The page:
Keep good company

People often ask me if companion planting is a real thing and does it work. My answer to that is yes and yes. The idea of companion planting is to strategically locate your crops for the purpose of increased pollination, pest management, maximizing space, creating host plants for beneficial insects and to increase the overall productivity of your garden. It requires some intentional thinking and effort, but it works.

In Loise Riotte’s famous book Carrots Love Tomatoes she wrote, “Plants that assist each other to grow well, plants that repel insects, even plants that repel other plants—all are of great practical use… Vegetable growers find that companion planting provides many benefits, one of which is protection from pests.” The bottom line is that some plants greatly benefit and become well-protected when they are planted and grow in the presence of other specific plants.

This is also true with the company that we keep. Prov. 13:20 tells us that, “He who walks with wise men will be wise, but the companion of fools will suffer harm.” There are times when we have to make an effort, but choosing to position ourselves around Godly people sets us up to resist evil, bless others, increase our productivity and maximize our fruit bearing.

Be humble

In the garden, the bright, red tomatoes, plump ears of sweet corn and big, orange carrots tend to take center stage. However, when it comes to nutrition the typically discarded, little-talked-about, bitter, carrot greens (the top part of the carrot) are one of the real heroes! These seemingly insignificant greens contain about six-times more vitamin C than that of the root and they also contain a lot of potassium, calcium and other phytonutrients.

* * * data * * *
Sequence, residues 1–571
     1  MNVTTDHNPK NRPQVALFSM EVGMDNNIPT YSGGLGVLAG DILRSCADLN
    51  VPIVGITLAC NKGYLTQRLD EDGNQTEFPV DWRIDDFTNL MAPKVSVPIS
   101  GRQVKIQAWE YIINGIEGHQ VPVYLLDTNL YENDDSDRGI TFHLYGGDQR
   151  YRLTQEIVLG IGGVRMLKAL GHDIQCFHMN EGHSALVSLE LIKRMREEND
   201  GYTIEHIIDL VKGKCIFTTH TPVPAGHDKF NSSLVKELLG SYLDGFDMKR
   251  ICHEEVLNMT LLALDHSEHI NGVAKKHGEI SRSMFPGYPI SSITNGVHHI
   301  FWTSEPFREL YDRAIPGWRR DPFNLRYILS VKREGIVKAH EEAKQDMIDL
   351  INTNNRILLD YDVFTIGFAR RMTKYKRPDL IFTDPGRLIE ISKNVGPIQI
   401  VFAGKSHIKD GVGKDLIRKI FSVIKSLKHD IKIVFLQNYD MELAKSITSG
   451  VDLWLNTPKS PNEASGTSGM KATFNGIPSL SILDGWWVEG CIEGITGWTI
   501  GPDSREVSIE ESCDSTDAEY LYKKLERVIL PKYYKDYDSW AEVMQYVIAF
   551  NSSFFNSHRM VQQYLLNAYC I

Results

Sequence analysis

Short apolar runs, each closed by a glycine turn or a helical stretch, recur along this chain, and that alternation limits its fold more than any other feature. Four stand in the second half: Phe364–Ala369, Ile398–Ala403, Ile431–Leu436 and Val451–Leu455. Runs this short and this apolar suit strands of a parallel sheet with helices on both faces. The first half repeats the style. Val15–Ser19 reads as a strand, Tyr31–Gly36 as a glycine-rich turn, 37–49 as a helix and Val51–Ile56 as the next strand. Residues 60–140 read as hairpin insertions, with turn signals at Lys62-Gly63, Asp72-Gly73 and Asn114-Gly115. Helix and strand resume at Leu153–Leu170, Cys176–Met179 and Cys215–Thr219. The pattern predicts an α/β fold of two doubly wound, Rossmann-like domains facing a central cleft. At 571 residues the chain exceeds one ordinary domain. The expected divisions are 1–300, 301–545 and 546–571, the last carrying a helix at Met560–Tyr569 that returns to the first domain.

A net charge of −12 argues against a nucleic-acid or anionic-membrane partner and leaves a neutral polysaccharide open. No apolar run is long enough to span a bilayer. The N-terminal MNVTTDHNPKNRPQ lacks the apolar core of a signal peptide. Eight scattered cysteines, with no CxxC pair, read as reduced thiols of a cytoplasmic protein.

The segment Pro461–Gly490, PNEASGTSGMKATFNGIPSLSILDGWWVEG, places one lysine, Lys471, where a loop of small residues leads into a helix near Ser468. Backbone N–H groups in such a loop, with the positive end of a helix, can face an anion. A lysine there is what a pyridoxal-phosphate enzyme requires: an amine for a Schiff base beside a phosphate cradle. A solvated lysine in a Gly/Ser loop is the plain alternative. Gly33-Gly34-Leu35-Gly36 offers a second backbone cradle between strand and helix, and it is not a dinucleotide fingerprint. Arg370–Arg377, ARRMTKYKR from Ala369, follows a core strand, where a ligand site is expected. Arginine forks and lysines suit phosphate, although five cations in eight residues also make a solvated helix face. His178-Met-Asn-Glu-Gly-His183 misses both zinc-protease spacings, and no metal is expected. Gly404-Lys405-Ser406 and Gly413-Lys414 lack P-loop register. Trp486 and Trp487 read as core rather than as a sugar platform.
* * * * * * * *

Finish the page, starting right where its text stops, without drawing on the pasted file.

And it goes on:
They humbly exist and, most of the time, end up in the compost pile. However, to the one who understands their value they are a real treasure. I Pet. 5:6-7 says, “Therefore humble yourselves under the mighty hand of God, that He may exalt you at the proper time.” Luke 14:11 tells us that “For everyone who exalts himself will be humbled, and he who humbles himself will be exalted.” If we resist the temptation to seek the recognition of men but rather live to serve God, by serving others, we will be exalted at the proper time.

I’ve heard it said that the true test of servanthood is if you act like one when you’re treated like one. It’s not our nature to enjoy being treated like a servant and be lumped in with the unrecognized and unmentioned. In the garden, there are many plants that go unnoticed but have much to offer and thousands of tiny, beneficial insects that are necessary, but no one knows that they’re even there.  Both quietly exist fulfilling their roles and are vital to the success of the garden.  May we take joy in serving and living humbly.

Constant renewal is necessary for flourishing

During a growing season, soil can become depleted of nutrients and require amendments for revitalization. Preparing your growing area before the next planting season ensures that it performs at its best. This is a process and requires you to remove some spent plant material and add rich compost and other living organisms. If your garden is in pretty good shape this practice isn’t terribly time consuming but is a discipline that will produce big results.

In Rom. 12:1-2 we read, “Therefore I urge you, brethren, by the mercies of God, to present your bodies a living and holy sacrifice, acceptable to God, which is your spiritual service of worship. And do not be conformed to this world, but be transformed by the renewing of your mind, so that you may prove what the will of God is, that which is good and acceptable and perfect.”  God’s Word has the ability to renew our minds, reveal truth and revitalize our actions. In order to flourish for the Lord in this fallen world, it is critical that we discipline ourselves to the daily reading of His Word and ask the Holy Spirit to renew our thinking.

Lord, help us learn and apply these simple truths!